Nordend (literally, north end) spans a large area including the area around Holzhausenpark where we used to live, but also stretches east towards the more lively Bornheim district with its food court. and partly pedestrianized shopping, Bergerstrasse, and its own large park, the Günthersburgpark – both highly recommended. (The tips below focus on the Holzhausen district, which is a 15-20 minute walk from the northern edge of the financial district or five to 10 minutes by metro or tram.)
Although we had traveled extensively across Germany during our nearly four years in Frankfurt, we also spent days, sometimes weeks at a time, squatting in our local community. We would buy basic items from the little supermarket down the street, stock up on fruit and veg at the Turkish stall around the corner, have Saturday morning pastries and bread rolls from the bakery 20 yards down the road and buy the rest of our supplies. at the dated and endearing health food store across the street.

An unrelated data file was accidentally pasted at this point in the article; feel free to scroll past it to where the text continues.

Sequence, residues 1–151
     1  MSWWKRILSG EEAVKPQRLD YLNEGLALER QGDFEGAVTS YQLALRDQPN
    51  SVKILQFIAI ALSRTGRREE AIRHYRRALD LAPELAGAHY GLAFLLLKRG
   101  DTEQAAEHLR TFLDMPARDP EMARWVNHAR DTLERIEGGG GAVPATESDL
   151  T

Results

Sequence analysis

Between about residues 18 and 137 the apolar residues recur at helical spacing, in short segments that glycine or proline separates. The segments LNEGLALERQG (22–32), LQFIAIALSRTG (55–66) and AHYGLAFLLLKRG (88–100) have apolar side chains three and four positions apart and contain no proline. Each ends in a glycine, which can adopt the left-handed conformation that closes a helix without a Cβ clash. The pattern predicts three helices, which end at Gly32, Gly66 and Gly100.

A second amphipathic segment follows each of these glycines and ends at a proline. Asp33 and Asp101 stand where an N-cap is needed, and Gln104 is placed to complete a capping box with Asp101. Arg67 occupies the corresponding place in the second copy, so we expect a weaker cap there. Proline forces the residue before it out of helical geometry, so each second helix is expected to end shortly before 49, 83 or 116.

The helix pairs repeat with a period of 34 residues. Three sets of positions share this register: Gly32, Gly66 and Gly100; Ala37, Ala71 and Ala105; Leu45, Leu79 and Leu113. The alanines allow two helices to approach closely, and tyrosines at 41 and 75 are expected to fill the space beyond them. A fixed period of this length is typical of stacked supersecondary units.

On weekends, we could visit the local theater 50 yards down our street, or the arts cinema two streets down. The weekend breakfasts at the local cafe – with platters of fruit and cheese and baskets of every bread imaginable – were a joy. A five-minute walk from the leafy Holzhausenpark, a toddler dreams of having fun on a playground, as well as playing outdoor table tennis (long before it became all the rage in London) .
So close to downtown but to another world, the park is a great place to take a break from the hustle and bustle of business. There are plenty of cafes and restaurants in the area that make ideal alternative venues for business meetings for breakfast, lunch, or dinner, but with much more character (and discretion) than most downtown hotels. city.
On this last visit, I met Domenic, the FT photographer, outside my old building. I could almost taste the memories, including the unpleasantness of my initial arrival in Glauburgstrasse, where my efforts to park my right-hand drive car against the flow of traffic – fine in the UK, but an offense here, apparently – earned me a dry welcome from the local police: “In Germany, we drive on the right.